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The Revival of the Arts and Crafts Movement and the Artisans Behind It

Atelier Stella Ceramics

English artist Stella Baggott creates hand-built pots and vases that are full of personality. Inspired by Cornish, Italian, and Swedish potters from the 50’s and 60’s, she mixes the “rustic use of patterns with the frivolity of character.” Each piece features adorable little faces that are sure to make you smile.

 

Jin Eui Kim

A post shared by Jin Eui Kim (@jineuikimceramics) on

London-based ceramic artist Jin Eui Kim creates hypnotic optical illusionary vessels. With stripes of seemingly endless curved lines, Kim describes his process as “Creating illusory spatial phenomena which can influence the three-dimensional form.” He recently graduated with a Ph.D. in ceramics from Cardiff School of Art and Design, and exhibits his work all over Europe.

 

Textile Art

During the 19th century, the textile industry boomed in mill towns where fast-flowing streams drove machinery such as power looms. The artisans of the Arts and Crafts movement rejected these inventions, in favor of traditional methods such as embroidery, hand weaving, and printing—all of which are being revived by today’s innovative textile artists.

Genevieve Griffiths

While weaving is an ancient cloth-making technique that is believed to have first been invented around 6000 BC in West Asia, contemporary artists such as Genevieve Griffiths continue to innovate the craft. The New Zealand-based artist creates architecture-inspired wall hangings that feature textured geometric shapes in bright colors.

Lisa Smirnova

The origin of embroidery dates back to 30,000 BC, and was originally used as a way to mend clothing. However, as techniques developed, so did possibilities for decorative stitching. Today, contemporary embroidery artists such as Russian-based Lisa Smirnova combine their impeccable stitching skills with a modern aesthetic. Rather than settle for mundane clothing, Smirnova updates jackets, blouses, and denim with her incredible, illustrative embroidery designs.

Caroline Cecil

While traditional textile printers such as William Morris used wooden printing blocks to apply colorful patterns to fabric, screen printing is another ancient technique that appeared more than 1,000 years ago in China during the Song Dynasty, and continues to be used by artists today.

One of those artists is California-based Caroline Cecil whose design studio’s main focus is on preserving traditional craft methods. Each design begins as an india ink painting, which is then translated onto cloth by hand-screen printing. Cecil explains, “We enjoy having a close relationship with the people who weave our ground cloths, and who hand screen print our designs. It truly is a team effort with a common end goal—to produce small batches of gorgeous quality fabrics in a way that enriches modern interiors and supports artisan lifestyle.”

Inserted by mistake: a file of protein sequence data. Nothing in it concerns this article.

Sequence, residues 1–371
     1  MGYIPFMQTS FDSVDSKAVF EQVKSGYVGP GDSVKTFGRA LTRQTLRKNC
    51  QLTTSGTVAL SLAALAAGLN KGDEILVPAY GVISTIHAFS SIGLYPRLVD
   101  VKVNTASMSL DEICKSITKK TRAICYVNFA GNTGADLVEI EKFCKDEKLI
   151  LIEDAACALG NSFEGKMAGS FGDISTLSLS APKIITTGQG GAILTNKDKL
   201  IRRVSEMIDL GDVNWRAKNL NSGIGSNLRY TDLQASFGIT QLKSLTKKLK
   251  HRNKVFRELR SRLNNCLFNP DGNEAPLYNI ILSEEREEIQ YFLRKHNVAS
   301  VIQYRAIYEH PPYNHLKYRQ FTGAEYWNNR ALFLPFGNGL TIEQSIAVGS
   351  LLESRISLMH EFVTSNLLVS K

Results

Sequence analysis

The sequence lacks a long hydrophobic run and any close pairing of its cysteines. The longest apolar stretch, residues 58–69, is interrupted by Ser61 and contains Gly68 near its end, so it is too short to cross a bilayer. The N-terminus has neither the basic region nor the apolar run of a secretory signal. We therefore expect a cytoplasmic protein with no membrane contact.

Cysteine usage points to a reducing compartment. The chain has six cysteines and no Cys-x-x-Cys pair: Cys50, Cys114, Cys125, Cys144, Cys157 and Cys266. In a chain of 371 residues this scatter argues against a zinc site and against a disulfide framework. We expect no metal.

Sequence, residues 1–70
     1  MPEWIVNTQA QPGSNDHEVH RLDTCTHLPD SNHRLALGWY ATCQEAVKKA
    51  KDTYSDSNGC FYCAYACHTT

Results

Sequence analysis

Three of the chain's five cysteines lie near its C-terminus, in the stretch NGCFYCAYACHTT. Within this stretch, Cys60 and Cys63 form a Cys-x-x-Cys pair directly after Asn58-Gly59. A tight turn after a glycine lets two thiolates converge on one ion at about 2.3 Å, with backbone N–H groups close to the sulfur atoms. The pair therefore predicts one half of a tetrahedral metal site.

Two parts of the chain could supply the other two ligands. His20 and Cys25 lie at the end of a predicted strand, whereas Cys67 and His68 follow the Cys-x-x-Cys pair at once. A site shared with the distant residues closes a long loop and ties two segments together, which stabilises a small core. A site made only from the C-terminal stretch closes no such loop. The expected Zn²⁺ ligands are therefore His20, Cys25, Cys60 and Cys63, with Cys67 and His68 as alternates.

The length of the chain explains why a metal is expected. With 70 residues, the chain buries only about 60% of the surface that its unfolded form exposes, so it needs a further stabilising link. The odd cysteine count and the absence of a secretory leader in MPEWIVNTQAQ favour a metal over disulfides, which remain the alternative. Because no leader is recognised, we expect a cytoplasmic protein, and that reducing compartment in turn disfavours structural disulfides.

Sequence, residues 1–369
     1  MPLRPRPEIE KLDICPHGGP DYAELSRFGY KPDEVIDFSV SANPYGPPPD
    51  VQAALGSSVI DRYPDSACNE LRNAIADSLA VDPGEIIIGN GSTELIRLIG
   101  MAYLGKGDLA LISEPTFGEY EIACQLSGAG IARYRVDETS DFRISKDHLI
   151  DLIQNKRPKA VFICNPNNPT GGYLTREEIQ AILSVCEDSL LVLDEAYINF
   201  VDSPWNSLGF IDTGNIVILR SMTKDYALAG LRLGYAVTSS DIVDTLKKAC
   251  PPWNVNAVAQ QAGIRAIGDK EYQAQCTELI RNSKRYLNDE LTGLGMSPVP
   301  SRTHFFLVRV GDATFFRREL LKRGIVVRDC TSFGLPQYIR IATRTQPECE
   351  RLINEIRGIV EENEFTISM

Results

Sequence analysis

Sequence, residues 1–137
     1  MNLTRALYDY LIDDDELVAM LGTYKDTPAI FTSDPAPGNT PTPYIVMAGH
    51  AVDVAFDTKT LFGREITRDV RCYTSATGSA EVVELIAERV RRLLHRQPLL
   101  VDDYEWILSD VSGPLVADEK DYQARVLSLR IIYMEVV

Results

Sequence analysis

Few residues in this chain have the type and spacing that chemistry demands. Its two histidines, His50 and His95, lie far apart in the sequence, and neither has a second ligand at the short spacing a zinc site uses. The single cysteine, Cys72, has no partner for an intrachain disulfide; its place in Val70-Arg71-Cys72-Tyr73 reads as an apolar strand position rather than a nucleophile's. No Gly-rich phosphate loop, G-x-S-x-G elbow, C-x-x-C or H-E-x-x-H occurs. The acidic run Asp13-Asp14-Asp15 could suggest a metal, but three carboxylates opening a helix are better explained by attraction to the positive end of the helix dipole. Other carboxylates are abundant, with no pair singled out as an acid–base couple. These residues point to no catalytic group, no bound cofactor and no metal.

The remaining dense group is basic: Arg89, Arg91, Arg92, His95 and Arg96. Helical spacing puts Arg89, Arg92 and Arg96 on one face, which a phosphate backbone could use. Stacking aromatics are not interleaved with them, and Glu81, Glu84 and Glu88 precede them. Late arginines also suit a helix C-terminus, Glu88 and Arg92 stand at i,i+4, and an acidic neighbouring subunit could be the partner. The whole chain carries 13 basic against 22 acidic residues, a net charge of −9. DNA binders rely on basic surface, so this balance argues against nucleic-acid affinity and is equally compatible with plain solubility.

Furniture design

In the United States, several furniture manufacturers became famous for work in the Arts and Crafts style. Believing mass-produced furniture was poorly constructed, designers such as Gustav Stickley created minimal pieces from quality materials, allowing crafted details to shine. Many of today’s contemporary furniture makers still hold these design ethics, and focus on providing high quality pieces that will last a lifetime.

Darrell W Peart

Precision woodworker Darrell W Peart believes that “Quality is an attitude.” His chairs, tables, and cabinets are inspired by the traditional designs of architects Charles and Henry Greene (founded 1894), as well as Asian forms. Considered one of the top furniture designers in America, Peart shares his skills with regular woodworking workshops in locations across the country.

 

Base 10 Furniture

Base 10 Furniture is a small furniture manufacturing company based in Los Angeles. Founded by woodworker and sculptor Joshua Friedman, and Lindsey Muscat, the duo create “timeless and graceful” pieces inspired by Japanese woodworking techniques. Each piece is “made with deliberate simplicity and exacting detail, respectful of the inherent grace in the traditions [they] engage and the materials [they] work with.”

 

Related Articles:

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Meet William Morris: The Most Celebrated Designer of the Arts & Crafts Movement

Interview: Bold Murals Pay Tribute to Mexican Arts and Crafts

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Lily Pad Coasters and Flowers are Beautifully Handmade

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Emma Taggart

Emma Taggart is a Contributing Writer at My Modern Met. Originally from Northern Ireland, she is an artist now based in Berlin. After graduating with a BA in Fashion and Textile Design in 2013, Emma decided to combine her love of art with her passion for writing. Emma has contributed to various art and culture publications, with an aim to promote and share the work of inspiring modern creatives. While she writes every day, she’s also devoted to her own creative outlet—Emma hand-draws illustrations and is currently learning 2D animation.

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